By Greg Gelpi
Calvin Brewster feels at home in the dirt, he'd like it to be a part of his future.
Brewster was one of many students from several Clayton County high schools who toured the construction sites at Hartsfield-Jackson Atlanta International Airport Thursday, part of a program to introduce students to the construction industry.
"I feel comfortable working with my hands. This is my first time this close (to the airport construction). I like what I see," said Brewster, a Mt. Zion High School sophomore.
From the construction of the 9,000-foot fifth runway to the construction of the Maynard Holbrook Jackson Jr. International Terminal, the students got close to the construction.
Also on the trip was Sonny Braswell, who teaches construction at Mt. Zion, the only nationally certified construction program in the Clayton County school system.
"There is a lot of good opportunities for students in the construction area," Braswell said.
The program is broken into four areas: carpentry, masonry, plumbing and electrical, he said. Along with the classroom and lab instruction, the program helps match students with apprenticeships and internships.
Braswell said one of his graduates returned recently and was amazed by the amount of money he had earned in only his first five months in graduation.
But training is important and that is part of what was relayed to the students Thursday.
Ken Dalton, who is working at the construction site, said only about 60 or 70 people will be hired from about 7,000 interviews.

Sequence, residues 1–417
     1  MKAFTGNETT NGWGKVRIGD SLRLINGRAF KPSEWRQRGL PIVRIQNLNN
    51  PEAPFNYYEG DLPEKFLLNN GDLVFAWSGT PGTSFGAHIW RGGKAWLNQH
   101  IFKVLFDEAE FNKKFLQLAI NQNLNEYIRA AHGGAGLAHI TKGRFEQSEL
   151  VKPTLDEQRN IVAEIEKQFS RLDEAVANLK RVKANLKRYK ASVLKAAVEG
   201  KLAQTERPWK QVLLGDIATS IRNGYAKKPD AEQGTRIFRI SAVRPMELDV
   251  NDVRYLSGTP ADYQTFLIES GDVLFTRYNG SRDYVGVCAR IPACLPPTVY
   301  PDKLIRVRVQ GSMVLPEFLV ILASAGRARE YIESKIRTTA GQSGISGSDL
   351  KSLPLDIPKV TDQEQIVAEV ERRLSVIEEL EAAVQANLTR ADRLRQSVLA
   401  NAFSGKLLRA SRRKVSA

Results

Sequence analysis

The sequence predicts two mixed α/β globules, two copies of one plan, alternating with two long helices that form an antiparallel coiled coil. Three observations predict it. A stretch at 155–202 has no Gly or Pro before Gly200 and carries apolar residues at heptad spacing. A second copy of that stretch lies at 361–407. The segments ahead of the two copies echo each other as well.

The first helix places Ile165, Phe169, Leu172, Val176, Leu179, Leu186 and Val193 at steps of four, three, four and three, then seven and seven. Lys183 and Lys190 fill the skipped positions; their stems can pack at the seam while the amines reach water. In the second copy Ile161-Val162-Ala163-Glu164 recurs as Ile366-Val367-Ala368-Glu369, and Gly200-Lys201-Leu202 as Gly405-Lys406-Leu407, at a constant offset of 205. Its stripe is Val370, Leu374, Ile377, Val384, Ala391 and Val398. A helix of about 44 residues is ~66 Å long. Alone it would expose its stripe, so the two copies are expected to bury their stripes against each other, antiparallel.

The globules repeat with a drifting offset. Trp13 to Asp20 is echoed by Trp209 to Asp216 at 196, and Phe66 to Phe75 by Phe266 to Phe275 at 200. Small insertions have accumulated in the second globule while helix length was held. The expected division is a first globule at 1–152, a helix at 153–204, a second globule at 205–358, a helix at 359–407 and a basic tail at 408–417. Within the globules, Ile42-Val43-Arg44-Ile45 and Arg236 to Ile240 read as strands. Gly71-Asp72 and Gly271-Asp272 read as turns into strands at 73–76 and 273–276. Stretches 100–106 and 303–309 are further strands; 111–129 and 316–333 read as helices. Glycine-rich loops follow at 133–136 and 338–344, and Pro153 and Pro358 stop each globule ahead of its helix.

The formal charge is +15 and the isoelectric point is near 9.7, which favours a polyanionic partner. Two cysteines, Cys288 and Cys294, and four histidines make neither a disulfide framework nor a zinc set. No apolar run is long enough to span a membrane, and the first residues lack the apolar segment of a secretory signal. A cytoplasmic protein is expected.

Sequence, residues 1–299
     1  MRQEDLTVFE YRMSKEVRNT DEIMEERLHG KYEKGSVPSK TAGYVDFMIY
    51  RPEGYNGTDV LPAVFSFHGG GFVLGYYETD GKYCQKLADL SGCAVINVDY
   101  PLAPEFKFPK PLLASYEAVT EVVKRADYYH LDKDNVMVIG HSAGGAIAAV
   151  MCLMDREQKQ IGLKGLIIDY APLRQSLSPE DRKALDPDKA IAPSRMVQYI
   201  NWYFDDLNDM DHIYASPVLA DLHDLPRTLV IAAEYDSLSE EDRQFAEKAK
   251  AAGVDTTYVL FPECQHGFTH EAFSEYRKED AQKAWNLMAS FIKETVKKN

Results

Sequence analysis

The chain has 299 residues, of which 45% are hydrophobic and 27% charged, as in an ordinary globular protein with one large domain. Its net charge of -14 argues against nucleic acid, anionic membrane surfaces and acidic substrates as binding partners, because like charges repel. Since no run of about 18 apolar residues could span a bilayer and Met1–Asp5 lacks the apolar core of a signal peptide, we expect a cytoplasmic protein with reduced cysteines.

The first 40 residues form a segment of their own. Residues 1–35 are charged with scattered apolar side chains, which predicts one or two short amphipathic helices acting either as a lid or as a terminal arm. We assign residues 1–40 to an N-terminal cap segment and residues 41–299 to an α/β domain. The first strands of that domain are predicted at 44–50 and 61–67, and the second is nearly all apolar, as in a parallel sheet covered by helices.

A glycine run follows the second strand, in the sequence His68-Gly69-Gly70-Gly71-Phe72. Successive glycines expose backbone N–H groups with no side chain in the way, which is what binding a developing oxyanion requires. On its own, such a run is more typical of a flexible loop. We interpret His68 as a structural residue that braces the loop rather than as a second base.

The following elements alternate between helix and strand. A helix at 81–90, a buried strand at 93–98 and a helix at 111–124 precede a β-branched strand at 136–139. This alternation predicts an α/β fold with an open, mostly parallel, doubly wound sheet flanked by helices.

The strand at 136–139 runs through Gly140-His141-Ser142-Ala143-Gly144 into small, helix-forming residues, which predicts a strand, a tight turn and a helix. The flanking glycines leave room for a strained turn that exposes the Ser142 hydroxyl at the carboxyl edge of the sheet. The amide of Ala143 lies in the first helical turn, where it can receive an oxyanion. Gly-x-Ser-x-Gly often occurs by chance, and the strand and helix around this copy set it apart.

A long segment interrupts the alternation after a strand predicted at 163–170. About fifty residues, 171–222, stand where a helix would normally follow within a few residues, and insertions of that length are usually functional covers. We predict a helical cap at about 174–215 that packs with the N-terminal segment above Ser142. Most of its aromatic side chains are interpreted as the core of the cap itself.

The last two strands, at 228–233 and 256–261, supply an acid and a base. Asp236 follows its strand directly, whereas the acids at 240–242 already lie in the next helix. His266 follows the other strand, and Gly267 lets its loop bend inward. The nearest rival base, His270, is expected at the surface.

"Qualified (workers) are very hard to get," Dalton said. "If you don't possess any skills it's really tough."
Willie Wilson, a senior at Mt. Zion, said he is still undecided about his future.
"Depending on how things go today, it will let me know if I want to continue on in construction or go to college," Wilson said. "So far, I'm leaning towards construction."
The students gasped at and were excited by the construction vehicles, which overshadowed the school buses, but the field trip was more than a fun time out of class.
"This is all fun and games here, but the idea behind the organization is to hire these kids," Jeff Duncan, the cochairman of the Georgia Utility Contractors Association Education Committee, said. The GUCA helped sponsor the event.
"A majority of our companies are hiring," Duncan said. "They need people. We need to show them that the utility industry isn't just about digging ditches."
The visit provided a glimpse into what the students could do with the skills they are learning in class, he said. One contractor in GUCA didn't go to college, but now is part owner in the company.
"The average age of these workers is 45 years old, and there is no one to replace them," Duncan said. "We're trying to reach some of these kids that don't have a clue what they're going to do."